Concurrent bariatric surgery and paraesophageal hernia repair: Comparison of sleeve gastrectomy and roux-en-y gastric bypass
Paraesophageal hernia (PEH) is a common condition that bariatric surgeons encounter. Expert opinion is split on whether bariatric surgery and PEH repair should be completed concurrently or sequentially. We hypothesized that concurrent bariatric surgery and PEH repair is safe.
ConclusionSynchronous VHR and BS in a bariatric unit is feasible with low recurrence rate. Laparoscopic VHR has lower complication rates than open, apart from seroma formation. Patients with diabetes have higher risk of infection.
This study aimed to assess practice patterns regarding concomitant HH repair (HHR) during laparoscopic sleeve gastrectomy (SG) and Roux-en-Y gastric bypass (RYGB). The incidence of concomitant HHR with LSG or LRYGB was analyzed using the 2015 Metabolic and Bariatric Surgery Accreditation and Quality Improvement Program database. One hundred thirty thousand, seven hundred seventy-two patients underwent RYGB (30.5%) and LSG (69.5%). Concomitant HHR was more common, despite less GERD, in SG patients compared to RYGB (21.0% vs 10.8%,p
ConclusionsRYGB may increase the risk of CDI hospitalization when compared to VSG and VHR controls. This data suggest VSG may be a better bariatric choice when post-surgical CDI risk is a concern.
Morbidly obese patients are predisposed to developing ventral hernias. Although the optimal timing of ventral hernia repair (VHR) and bariatric surgery is unclear, concurrent management remains common. The aim of this study was to assess the incidence of wound site occurrence in the setting of VHR during bariatric surgery.
This study aims to assess differences in practice patterns regarding concomitant HH repair during laparoscopic sleeve gastrectomy (LSG) and Roux-en-Y gastric bypass (LRYGB).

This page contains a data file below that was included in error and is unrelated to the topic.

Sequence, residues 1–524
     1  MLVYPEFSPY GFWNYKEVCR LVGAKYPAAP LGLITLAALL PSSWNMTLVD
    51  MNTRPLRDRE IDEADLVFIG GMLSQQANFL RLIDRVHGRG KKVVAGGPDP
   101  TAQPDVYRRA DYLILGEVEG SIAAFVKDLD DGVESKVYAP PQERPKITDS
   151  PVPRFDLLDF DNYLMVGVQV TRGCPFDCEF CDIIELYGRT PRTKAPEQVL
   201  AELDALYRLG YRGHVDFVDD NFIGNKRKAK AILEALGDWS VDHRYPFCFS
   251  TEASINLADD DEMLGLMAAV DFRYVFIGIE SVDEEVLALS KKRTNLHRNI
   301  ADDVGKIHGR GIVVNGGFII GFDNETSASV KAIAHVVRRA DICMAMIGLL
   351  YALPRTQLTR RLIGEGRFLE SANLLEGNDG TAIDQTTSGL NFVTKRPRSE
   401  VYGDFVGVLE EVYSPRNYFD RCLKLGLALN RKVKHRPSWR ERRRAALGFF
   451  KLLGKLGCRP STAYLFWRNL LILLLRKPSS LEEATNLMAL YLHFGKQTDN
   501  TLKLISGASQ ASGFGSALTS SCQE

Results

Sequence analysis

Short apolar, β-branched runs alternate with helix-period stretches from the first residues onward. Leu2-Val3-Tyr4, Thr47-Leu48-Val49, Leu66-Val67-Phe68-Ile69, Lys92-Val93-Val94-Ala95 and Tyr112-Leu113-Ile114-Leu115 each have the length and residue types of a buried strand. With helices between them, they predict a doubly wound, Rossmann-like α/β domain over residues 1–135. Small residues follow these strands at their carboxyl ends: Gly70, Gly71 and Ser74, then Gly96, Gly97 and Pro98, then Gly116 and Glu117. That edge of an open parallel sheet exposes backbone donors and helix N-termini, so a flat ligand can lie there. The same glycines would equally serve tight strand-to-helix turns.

Laparoscopic Sleeve Gastrectomy (LSG) is now the most commonly performed procedure in the US according to the most recent ASMBS estimates with excellent short and long term outcomes. However, long term complications following LSG, including refractory GERD, weight gain and intrathoracic sleeve migration are commonly encountered in high volume bariatric centers. Intra-thoracic sleeve migration can result in gastric strangulation and should be repaired immediately. In our center we have developed an aggressive approach in identifying and repairing hiatal ernias intraoperatively in combination with sleeve gastrect...
In conclusion, the recent publication of pH monitoring data and the new insights in the association between sleeve morphology and GERD control have led to a wider acceptance of LSG as bariatric procedure also in obese patients with GERD, as recently stated in the 5(th) International Consensus Conference on sleeve gastrectomy. PMID: 28428706 [PubMed - in process]
CONCLUSION: Small HH are over-diagnosed with EGD, as most do not require repair. However, moderate and large HH are accurately detected. PMID: 27639984 [PubMed - as supplied by publisher]
Conclusion A number of techniques can be used to mitigate the severity of reflux, either by maintaining the normal anatomic structures that limit reflux or by supplementing these structures with a plication or gastroplasty. Individuals with existing severe reflux should not be considered for a sleeve gastrectomy. New techniques that incorporate plication at the time of the index sleeve gastrectomy show some improvement, but these are in small series that will need to be further evaluated. The only proven method of treating intractable reflux after sleeve gastrectomy is conversion to a Roux-en-Y gastric bypass.